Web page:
After Dark: Book summary and reviews of After Dark by Haruki Murakami

After Dark

by Haruki Murakami

After Dark
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  • Published in USA  May 2007
    208 pages
    Genre: Novels

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Book Summary

A short, sleek novel of encounters set in Tokyo during the witching hours between midnight and dawn. At its center are two sisters—Eri, a fashion model slumbering her way into oblivion, and Mari, a young student soon led from solitary reading at an anonymous Denny’s toward people whose lives are radically alien to her own: a jazz trombonist who claims they’ve met before, a burly female “love hotel” manager and her maid staff, and a Chinese prostitute savagely brutalized by a businessman. These “night people” are haunted by secrets and needs that draw them together more powerfully than the differing circumstances that might keep them apart, and it soon becomes clear that Eri’s slumber—mysteriously tied to the businessman plagued by the mark of his crime—will either restore or annihilate her.

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Reviews

Media Reviews

"[P]robing, wonderfully improvisational dialogues...sustain the book until the ambiguous, mostly upbeat dénouement." - PW.

"Murakami's genius, on both large and small canvases, is to create worlds both utterly alien and disconcertingly familiar. - Booklist.

"A seductive and gratifying intellectual and romantic adventure" - Kirkus.

"After Dark is a short book, hypnotically eerie, full of noirish foreboding, sometimes even funny, but, most of all, it's one that keeps ratcheting up the suspense. At times, the novel recalls those unsettling films of Jean-Luc Godard or Michelangelo Antonioni where something dire seems always about to happen, even as attractive young people, full of anomie and confusion, meander aimlessly through an ominous urban landscape." - The Washington Post.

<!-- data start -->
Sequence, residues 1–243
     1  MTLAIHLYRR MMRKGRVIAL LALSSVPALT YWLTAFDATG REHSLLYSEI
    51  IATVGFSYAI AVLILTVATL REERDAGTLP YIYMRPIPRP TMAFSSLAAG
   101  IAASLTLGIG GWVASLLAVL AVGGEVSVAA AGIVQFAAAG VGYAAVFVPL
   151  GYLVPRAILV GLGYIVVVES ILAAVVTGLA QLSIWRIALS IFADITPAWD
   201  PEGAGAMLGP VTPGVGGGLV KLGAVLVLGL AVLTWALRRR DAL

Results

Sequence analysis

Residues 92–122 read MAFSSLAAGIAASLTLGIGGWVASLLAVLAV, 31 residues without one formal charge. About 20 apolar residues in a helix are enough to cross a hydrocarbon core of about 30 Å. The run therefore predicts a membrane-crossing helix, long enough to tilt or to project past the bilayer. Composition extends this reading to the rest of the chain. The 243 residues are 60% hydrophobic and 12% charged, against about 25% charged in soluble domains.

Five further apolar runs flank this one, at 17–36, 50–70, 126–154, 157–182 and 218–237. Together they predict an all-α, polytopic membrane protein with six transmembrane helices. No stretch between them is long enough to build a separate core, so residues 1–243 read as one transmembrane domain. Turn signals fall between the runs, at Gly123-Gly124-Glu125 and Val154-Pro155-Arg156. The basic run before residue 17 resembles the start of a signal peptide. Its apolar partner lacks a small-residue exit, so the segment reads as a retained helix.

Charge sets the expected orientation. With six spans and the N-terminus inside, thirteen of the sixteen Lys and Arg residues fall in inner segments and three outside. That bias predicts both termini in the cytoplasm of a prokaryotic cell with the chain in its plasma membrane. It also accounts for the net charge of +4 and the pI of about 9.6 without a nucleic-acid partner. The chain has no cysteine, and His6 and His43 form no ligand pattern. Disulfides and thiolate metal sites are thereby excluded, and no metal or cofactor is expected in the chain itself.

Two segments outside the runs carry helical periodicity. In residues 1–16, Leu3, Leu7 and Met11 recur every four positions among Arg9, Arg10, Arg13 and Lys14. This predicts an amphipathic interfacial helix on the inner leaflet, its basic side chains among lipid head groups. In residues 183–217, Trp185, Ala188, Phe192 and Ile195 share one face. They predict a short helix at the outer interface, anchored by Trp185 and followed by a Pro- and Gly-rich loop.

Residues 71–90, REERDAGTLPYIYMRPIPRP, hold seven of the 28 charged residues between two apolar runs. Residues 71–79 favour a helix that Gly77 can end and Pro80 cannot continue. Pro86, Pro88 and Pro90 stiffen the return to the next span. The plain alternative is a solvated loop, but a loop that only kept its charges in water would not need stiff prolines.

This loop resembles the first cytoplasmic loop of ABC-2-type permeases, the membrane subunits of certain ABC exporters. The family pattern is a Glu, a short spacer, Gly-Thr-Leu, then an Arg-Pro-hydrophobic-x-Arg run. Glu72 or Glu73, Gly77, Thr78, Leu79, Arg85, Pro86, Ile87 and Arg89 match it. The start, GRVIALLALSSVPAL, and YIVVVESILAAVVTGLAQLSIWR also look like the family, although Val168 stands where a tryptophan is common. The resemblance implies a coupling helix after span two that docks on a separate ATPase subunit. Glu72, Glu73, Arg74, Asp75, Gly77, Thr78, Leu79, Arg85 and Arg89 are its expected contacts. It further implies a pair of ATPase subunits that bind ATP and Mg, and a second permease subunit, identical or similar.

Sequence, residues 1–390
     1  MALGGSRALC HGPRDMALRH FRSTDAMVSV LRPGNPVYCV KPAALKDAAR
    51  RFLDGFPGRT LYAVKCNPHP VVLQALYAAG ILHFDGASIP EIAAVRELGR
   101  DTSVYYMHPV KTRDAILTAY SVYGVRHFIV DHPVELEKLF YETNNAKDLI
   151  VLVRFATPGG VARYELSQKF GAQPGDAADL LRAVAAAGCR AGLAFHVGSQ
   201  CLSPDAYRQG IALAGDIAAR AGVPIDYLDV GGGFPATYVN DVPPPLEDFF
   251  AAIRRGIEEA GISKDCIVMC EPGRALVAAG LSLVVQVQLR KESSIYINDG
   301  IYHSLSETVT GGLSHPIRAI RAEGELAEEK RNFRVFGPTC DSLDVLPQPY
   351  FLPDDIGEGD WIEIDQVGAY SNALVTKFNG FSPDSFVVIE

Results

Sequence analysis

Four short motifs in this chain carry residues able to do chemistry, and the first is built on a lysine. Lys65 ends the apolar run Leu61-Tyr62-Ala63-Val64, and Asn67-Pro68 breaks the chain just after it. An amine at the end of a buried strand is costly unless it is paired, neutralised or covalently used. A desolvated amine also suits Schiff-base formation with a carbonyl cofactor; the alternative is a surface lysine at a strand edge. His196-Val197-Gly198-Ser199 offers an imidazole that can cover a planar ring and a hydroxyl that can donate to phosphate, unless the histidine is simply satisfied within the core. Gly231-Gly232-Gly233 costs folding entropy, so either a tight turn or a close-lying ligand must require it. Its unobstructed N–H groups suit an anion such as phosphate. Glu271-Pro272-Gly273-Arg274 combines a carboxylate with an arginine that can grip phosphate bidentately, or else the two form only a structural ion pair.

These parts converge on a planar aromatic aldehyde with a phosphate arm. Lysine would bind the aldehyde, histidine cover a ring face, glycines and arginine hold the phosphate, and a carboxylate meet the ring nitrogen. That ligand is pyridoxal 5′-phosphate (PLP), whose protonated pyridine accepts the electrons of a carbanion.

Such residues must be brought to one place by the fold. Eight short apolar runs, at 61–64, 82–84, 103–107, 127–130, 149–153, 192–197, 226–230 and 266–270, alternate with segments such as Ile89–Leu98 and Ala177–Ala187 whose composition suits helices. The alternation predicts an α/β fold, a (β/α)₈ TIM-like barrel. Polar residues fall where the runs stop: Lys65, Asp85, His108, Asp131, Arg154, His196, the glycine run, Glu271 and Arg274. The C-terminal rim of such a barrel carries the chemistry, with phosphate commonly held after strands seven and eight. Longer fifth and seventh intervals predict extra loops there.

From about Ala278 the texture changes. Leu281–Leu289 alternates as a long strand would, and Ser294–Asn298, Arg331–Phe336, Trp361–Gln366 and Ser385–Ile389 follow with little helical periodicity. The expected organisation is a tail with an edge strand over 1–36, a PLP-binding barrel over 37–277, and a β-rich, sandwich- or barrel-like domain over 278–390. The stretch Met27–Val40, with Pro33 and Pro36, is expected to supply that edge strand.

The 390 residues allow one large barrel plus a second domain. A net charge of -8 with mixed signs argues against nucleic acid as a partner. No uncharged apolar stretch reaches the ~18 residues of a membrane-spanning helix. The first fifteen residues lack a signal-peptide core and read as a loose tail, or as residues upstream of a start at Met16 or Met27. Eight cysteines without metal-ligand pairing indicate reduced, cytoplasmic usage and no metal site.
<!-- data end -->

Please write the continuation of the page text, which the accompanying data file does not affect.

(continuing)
"It’s when his technique is inconspicuous and not when he's waving his wand above the hat that Murakami's spell is most persuasive. Moving outward from obscure Mari through her shifting circle of friends, Murakami takes in widening perimeters of a nocturnal urban habitat. We get a strong sense, though we’re not quite certain how, of the city’s fugitive social ecology, of the bargains and compacts among its tribes and classes. Women are prey for the most part and band together, particularly the poor and the unmarried. Men venture forth more boldly, lone marauders, though sometimes they leverage their power by forming gangs." - The New York Times.

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Author Information

Haruki Murakami Author Biography

Murakami was born in Kyoto in 1949 and graduated from the Waseda University, Tokyo, in 1975. He and his wife lived in Europe and the United States from 1986 to 1995 before returning to Tokyo. He did not write his first novel, Hear the Wind Sing (1979, translated 1987) until he was in his thirties. His major breakthrough came in 1987 with the publication of Norwegian Wood - a coming of age story named after the Beatles' song, which is somewhat different to his other books in that it is written in a realistic style, whereas his other books all ...

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